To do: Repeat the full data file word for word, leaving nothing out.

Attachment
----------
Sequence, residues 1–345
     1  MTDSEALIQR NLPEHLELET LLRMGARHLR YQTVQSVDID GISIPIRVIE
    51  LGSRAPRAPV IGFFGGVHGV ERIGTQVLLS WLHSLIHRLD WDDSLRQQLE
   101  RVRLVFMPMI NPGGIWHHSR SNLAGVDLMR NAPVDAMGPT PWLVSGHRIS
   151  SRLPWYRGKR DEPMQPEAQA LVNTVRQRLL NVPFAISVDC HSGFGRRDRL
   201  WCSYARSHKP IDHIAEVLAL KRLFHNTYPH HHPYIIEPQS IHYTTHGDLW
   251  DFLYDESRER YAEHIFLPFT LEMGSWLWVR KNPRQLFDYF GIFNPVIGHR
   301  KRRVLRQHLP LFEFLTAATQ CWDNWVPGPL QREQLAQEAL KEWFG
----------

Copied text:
Sequence, residues 1–345
     1  MTDSEALIQR NLPEHLELET LLRMGARHLR YQTVQSVDID GISIPIRVIE
    51  LGSRAPRAPV IGFFGGVHGV ERIGTQVLLS WLHSLIHRLD WDDSLRQQLE
   101  RVRLVFMPMI NPGGIWHHSR SNLAGVDLMR NAPVDAMGPT PWLVSGHRIS
   151  SRLPWYRGKR DEPMQPEAQA LVNTVRQRLL NVPFAISVDC HSGFGRRDRL
   201  WCSYARSHKP IDHIAEVLAL KRLFHNTYPH HHPYIIEPQS IHYTTHGDLW
   251  DFLYDESRER YAEHIFLPFT LEMGSWLWVR KNPRQLFDYF GIFNPVIGHR
   301  KRRVLRQHLP LFEFLTAATQ CWDNWVPGPL QREQLAQEAL KEWFG